Promoting Integration on Campus:
Principles, Practice and Issues
for Further Exploration
Helen Spencer-Oatey, Daniel Dauber and Stephen Williams
University of Warwick
Commissioned by UKCISA
With case study contributions from:
Jean Ammar and Tatyana Yekimova, Royal Northern College of Music
Melanie Bentham-Hill, University of Nottingham
Joseph Bishop, University of Hull
Mark Collier, Tim Cooper and Olivia Johnstone, University of Sheffield
Caroline Earth, Bournemouth University
Ruairi Edwards and Paul McGrath, University of Warwick (Music Centre)
Diana Hawk and Katie Kokkinou, University College London Union
David Killick, Leeds Metropolitan University
Noor Maraghi and Johanna Holtan, Edinburgh University Students’ Association
Katy Manns, University of Leeds
Sophie Reissner-Roubicek, University of Warwick
Mimi Watts and Johanna Holtan, Edinburgh University Students’ Association
Case studies edited by Claire O’Leary
2
Promoting Integration on Campus:
Principles, Practice and Issues
for Further Exploration
Authors: Helen Spencer-Oatey, Daniel Dauber and Stephen Williams
Case study editor: Claire O’Leary
Case study contributors: Jean Ammar, Melanie Bentham-Hill, Joseph Bishop,
Mark Collier, Tim Cooper, Caroline Earth, Ruairi Edwards, Diana Hawk, Johanna Holtan,
Olivia Johnstone, David Killick, Katie Kokkinou, Noor Maraghi, Katy Manns, Paul McGrath,
Sophie Reissner-Roubicek, Mimi Watts and Tatyana Yekimova.
Student Barometer survey data supplied by i-graduate
Publication date: May 2014
Published by UKCISA
© 2014 Copyright lies with the authors and the contributors of this publication.
All rights reserved. No part of the publication may be published without prior consent of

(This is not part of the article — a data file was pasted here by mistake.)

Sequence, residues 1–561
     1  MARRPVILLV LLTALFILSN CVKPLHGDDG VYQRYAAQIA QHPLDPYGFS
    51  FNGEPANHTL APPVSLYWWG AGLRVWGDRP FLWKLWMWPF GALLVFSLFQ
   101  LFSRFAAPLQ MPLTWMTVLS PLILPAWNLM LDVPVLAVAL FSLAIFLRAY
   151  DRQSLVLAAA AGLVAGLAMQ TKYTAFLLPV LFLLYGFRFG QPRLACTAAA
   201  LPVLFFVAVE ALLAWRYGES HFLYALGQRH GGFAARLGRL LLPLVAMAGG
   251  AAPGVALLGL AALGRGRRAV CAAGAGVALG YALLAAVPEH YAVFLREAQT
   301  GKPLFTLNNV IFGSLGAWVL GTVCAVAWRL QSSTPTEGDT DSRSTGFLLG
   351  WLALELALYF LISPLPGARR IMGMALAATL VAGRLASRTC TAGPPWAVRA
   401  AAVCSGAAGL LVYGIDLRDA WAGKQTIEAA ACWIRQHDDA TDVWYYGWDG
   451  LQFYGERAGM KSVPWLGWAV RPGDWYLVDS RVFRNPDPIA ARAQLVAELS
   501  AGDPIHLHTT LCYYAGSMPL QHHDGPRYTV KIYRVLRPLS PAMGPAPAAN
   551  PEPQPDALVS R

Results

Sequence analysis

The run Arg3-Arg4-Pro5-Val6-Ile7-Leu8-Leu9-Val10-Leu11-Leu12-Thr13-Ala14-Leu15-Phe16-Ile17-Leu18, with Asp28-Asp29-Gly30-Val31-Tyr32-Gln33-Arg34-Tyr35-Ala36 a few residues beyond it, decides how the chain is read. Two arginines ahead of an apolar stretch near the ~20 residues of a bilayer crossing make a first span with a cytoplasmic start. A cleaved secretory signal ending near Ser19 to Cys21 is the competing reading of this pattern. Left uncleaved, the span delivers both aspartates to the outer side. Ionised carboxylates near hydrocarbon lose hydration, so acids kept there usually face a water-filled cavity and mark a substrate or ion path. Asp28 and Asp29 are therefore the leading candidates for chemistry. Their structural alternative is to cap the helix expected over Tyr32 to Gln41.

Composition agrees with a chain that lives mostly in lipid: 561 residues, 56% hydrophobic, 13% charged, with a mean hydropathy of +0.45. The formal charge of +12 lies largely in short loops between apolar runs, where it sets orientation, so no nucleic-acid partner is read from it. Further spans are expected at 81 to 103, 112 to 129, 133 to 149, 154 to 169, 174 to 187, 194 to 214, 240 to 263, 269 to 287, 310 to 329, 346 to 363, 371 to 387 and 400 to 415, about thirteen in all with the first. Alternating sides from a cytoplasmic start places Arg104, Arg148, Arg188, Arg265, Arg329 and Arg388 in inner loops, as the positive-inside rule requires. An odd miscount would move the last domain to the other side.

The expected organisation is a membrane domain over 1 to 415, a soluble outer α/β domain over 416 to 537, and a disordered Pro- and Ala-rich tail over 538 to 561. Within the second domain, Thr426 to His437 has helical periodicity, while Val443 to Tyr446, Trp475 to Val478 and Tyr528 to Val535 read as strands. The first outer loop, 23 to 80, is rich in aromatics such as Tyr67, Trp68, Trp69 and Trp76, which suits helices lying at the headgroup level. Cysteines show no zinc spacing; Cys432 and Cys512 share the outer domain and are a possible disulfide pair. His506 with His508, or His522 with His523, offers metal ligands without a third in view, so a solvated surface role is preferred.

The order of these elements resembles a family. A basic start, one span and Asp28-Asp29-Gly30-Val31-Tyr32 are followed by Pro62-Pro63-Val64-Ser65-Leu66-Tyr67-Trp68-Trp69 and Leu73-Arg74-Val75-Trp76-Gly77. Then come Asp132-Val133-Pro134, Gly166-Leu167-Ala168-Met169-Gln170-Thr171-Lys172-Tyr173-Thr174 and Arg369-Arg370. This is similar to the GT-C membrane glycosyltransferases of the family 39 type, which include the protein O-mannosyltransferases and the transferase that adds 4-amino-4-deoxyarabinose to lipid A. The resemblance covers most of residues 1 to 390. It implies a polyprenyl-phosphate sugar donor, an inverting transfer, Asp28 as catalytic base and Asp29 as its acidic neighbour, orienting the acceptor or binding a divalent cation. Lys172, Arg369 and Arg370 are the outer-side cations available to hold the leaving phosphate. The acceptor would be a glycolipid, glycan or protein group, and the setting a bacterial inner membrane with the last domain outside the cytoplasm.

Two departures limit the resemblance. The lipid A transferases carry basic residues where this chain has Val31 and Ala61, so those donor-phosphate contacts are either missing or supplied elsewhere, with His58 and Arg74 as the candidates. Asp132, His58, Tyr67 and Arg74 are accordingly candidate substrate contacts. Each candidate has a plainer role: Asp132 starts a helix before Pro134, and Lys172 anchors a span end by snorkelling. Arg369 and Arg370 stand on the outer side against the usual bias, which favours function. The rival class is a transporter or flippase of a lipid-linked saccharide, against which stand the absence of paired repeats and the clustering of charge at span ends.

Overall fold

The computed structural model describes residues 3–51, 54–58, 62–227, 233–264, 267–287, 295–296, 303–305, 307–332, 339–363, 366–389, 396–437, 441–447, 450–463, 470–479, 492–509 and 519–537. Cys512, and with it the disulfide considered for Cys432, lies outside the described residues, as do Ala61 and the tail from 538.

the copyright holders. Any materials used for presentation or teaching purposes must give
full acknowledgement to the copyright holders.
This publication was funded by the UK Council for International Student Affairs (UKCISA)
3
Contents
Contents
Foreword
4
Introduction
6
Section 1: Integration – Key Concepts and Issues
8
What do we mean by ‘Integration’?
9
Berry’s Concept of Integration: A Community-level Perspective
9
Bennett’s Concept of Integration: An Individual-level Perspective
10
Integration through Contact and Participation
11
Integration and Personal Resilience
13
Integration and Intercultural Growth
15
Integration and Mutual Adjustment
18
Section 2: Insights from UK Survey Data
19
Integration in UK Higher and Further Education
20
The Survey Items
20
Correlations
21
Key Factors
22
Group Comparisons of Experiences
25
Qualitative data
26
Key Findings
27
Limitations
27
Section 3: Case Studies
28
Daily Life: Accommodation and Orientation Initiatives
29
Ellerslie Global Residence
29
An Integrated Approach to Orientation
30
Social Life: Promoting Social Integration within and beyond the Campus
31
Go Connect
31
eVOLve Project
32
Global Campus
33
International Family Link Scheme
34
Musical Internationalisation
35
Academic Life: Initiatives in and for the Classroom
36
Building a Global Outlook into Course Curricula
36
Promoting Integration in Multicultural Groupwork
37
BizPALS (Peer-assisted Learning Scheme)
38
Language and Communication Initiatives
39
Writing and Language Support (WALS)
39
The Shared Reading Project
40
Section 4: Actions for Consideration/Questions for Further Exploration
42
UK Council for International Student Affairs
44
4
Foreword
Foreword
For those working in the international sphere, much of the focus since the